Handling `AKA` in filenames for metadata matching

There is a common filename format that I think can be handled properly in Infuse.

Parasite AKA Gisaengchung 2019 some-encoding-tags.mkv

Perdita Durango AKA Dance with the Devil 1997 some-encoding-tags.mkv

Notice different capitalizations of aka.

Chi bi Part II Jue zhan tian xia aka Red Cliff II 2009 International Version.mkv

El hombre de las mil caras aka The Man with Thousand Faces 2016 some-encoding-tags.mkv

Notice there can be multiple AKAs in a single filename.

Black Sunday AKA The Mask of Satan AKA La maschera del demonio 1960 some-encoding-tags.mkv

AKA is often used for alternate names or bilingual names of a movie/TV. This naming convention is widely used.

If Infuse use regular expression to find AKA(s) and discard everything before the last AKA and use everything between the last AKA and the year number to search on TMDB, it would work as if it’s not a bilingual filename.

Yo, what about my point that this would break searches for films and TV shows that include “AKA” or “aka” in their proper titles?

I forgot about that.

I guess, the optimal engineering solution would be to run both cases separately, and merge the results. The results should be ranked based on how close the match is.

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Hmm. So, thinking this through …

Infuse currently identifies content by scraping their filenames and pulling from them a list of search terms to submit to TMDB and thereafter accepting the first (i.e. highest ranked by TMDB) result returned.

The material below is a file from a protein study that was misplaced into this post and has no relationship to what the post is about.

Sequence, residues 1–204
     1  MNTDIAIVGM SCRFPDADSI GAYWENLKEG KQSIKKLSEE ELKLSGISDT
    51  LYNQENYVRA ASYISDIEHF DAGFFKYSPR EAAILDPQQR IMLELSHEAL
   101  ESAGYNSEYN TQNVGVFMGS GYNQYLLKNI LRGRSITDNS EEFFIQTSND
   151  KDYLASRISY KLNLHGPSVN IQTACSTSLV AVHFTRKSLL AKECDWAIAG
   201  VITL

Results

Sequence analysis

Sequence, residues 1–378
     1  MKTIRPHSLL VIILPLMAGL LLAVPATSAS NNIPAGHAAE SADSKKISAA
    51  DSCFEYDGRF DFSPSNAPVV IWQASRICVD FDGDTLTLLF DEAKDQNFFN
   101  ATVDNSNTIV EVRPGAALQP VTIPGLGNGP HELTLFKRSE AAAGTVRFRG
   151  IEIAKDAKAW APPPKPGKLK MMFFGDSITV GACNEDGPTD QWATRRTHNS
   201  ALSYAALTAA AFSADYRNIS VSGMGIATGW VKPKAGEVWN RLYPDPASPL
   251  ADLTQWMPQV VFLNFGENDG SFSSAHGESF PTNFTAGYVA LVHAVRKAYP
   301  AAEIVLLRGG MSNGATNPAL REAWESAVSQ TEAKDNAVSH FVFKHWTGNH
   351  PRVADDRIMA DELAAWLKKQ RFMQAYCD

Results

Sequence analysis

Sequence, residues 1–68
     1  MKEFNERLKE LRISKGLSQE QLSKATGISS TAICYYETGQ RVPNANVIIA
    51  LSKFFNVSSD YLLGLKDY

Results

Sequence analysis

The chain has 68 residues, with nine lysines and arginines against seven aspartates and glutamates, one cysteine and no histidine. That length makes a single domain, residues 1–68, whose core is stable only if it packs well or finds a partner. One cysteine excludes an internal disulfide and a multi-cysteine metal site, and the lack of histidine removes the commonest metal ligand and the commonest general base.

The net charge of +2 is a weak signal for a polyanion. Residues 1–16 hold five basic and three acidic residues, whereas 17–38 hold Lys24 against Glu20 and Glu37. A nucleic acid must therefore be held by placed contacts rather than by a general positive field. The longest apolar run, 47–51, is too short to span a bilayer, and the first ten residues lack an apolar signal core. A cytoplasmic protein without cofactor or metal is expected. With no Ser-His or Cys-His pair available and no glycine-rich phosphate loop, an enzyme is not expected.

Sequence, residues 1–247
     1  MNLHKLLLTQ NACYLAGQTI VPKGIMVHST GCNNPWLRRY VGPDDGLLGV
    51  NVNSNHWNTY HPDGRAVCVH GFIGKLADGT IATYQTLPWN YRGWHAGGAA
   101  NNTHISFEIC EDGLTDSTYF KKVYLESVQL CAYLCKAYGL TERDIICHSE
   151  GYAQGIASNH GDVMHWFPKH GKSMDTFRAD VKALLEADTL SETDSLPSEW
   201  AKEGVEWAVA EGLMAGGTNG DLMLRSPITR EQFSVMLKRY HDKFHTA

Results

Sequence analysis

For your suggestion to be implemented, Infuse would first need to check every searched filename for the isolated phrase “aka” (non-case sensitive); and when found, process the scraping differently from all others, by running both a traditional search (as described above) and your case-specific alternate search (this time discarding all search terms detected prior to and including the last instance of “aka” in the filename), separately storing the TMDB-returned results for each search — likely requiring Firecore to code a new variable to hold the second search result alongside the first for use in the next step.

Firecore would then need to include additional logic into Infuse allowing it to choose the best of the two different matches returned by TMDB (while referring back to the filename previously scraped — which might by this point under normal circumstances have already been dropped from memory — before sending the best match on to become the identification of the content.

Laid out that way, I don’t see why the above couldn’t technically be a workable way around the issue I earlier proposed. It could feasibly take care of the “included aka” cases; but I still don’t see a way to easily handle the cases of bilingual / trilingual torrent filenames which don’t include distinct separators (like “aka”) which you originally posted about — so this solution still would only get you part of the way there.

How much time would scanning all filenames for an isolated “aka” add to each search? I don’t have a clue. Perhaps insignificant. Perhaps not. And I don’t imagine the hit rate would be very high, across the vast majority of users’ collections. But like everything, I suppose integration of this capability would come down to the results of Firecore’s judging the efforts required to implement a solution vs. their expectation of return on that investment. Not knowing the relative difficulty of the former (there’s perhaps a similar way to attack the issue), nor the accuracy of my estimation of users who would benefit, I couldn’t say.